Capetonians gathered in Blue Downs on Wednesday at the launch of the Western Cape’s 16 Days of Activism for No Violence Against Women and Children.
Western Cape Provincial Commissioner Lt Gen Thembisile Patekile was among numerous speakers who urged all citizens to tackle GBV issues with determination, particularly men. He further commended the bravery of the three female students who took to the stage to speak out about issues that affect them.
The 2021 campaign is the year of Charlotte Mannya Maxeke – moving from awareness to accountability.
South Africans are deeply affected by GBV, hosting one of the highest rates of female murders in the world and battling against societal ills including gangsterism, domestic violence and unemployment. Activists have meanwhile raised ongoing calls for SAPS to be overhauled, citing inadequacies in victim support and police training.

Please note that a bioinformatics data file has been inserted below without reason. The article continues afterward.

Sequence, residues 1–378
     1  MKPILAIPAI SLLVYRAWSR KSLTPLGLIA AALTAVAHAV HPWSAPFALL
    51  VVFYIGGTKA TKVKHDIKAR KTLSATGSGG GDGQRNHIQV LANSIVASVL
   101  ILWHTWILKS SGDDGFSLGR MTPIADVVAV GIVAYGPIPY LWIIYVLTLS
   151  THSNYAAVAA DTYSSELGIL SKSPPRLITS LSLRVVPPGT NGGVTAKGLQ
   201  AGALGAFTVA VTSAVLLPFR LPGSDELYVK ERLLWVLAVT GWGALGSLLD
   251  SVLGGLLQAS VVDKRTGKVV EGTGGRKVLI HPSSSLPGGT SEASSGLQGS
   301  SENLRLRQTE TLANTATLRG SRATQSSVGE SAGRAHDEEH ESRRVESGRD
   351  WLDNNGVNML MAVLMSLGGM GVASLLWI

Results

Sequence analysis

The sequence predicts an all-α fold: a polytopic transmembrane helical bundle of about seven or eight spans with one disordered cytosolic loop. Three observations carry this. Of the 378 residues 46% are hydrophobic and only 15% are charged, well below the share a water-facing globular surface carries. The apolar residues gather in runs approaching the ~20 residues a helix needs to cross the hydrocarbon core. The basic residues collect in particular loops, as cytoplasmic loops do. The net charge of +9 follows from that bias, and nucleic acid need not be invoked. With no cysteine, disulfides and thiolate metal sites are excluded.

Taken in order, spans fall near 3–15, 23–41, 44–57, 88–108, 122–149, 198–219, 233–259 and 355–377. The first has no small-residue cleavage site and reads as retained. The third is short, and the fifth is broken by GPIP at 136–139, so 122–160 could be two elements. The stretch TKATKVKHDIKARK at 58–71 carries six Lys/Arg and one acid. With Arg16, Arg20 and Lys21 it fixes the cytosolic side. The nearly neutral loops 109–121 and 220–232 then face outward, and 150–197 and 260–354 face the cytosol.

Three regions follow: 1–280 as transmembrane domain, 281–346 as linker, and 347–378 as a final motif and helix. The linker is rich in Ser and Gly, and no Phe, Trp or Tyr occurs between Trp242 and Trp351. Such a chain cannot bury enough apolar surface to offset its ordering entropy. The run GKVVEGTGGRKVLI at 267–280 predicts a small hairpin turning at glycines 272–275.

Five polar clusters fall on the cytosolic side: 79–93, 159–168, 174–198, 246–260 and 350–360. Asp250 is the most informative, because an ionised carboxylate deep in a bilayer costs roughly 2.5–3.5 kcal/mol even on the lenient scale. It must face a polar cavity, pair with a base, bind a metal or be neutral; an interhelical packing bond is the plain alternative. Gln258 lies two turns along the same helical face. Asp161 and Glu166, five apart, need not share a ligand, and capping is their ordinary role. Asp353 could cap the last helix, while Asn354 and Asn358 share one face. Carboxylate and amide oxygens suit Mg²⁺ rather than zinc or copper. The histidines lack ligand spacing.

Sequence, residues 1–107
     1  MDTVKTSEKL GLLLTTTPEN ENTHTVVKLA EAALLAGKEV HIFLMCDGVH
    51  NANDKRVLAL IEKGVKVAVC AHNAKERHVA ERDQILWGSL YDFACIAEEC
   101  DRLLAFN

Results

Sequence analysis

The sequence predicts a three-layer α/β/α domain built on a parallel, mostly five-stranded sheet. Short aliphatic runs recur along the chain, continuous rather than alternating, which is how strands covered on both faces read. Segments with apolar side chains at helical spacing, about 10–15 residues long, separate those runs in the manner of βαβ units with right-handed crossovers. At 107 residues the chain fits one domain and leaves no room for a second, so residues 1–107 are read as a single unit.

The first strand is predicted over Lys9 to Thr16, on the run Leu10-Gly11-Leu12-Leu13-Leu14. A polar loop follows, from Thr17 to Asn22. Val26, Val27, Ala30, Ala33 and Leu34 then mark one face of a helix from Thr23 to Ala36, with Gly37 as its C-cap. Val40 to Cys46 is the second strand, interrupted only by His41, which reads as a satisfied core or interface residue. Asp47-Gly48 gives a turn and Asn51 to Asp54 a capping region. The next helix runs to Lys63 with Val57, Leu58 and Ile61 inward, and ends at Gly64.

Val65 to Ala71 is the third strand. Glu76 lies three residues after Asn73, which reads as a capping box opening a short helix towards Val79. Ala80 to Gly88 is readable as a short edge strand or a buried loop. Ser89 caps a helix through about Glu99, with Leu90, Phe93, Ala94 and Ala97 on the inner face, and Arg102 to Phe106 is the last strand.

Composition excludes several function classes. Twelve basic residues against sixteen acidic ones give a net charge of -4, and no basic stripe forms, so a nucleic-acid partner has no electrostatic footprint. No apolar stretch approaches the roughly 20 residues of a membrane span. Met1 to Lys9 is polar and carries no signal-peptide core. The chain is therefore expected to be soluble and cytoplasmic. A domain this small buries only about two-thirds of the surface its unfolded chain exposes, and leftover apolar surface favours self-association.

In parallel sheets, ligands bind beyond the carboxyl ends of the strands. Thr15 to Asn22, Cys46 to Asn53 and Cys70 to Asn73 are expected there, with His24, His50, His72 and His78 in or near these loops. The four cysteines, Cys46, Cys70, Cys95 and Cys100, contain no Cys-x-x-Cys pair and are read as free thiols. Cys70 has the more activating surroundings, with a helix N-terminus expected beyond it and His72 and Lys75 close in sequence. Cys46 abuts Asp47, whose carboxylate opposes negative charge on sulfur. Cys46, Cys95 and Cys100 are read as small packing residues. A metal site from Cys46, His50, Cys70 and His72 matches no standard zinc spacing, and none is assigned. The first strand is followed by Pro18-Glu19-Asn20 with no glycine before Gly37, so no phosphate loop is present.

Trust in the criminal justice system has deteriotated over the years, given the rate of convictions and bail being granted to rape suspects.
Provincial officials remain chuffed about their provincial Safety Plan, confident that progress to reduce crime can be achieved. The Western Cape was the only province to record a drop in all serious crimes in the latest quarter. Dozens of officials are also being trained to increase capacity in the most vulnerable areas.
Officials and organisations signed a pledge wherein they committed to fighting domestic violence, sexual related crimes and abuse.
The campaign runs annually from 25 November to 10 December.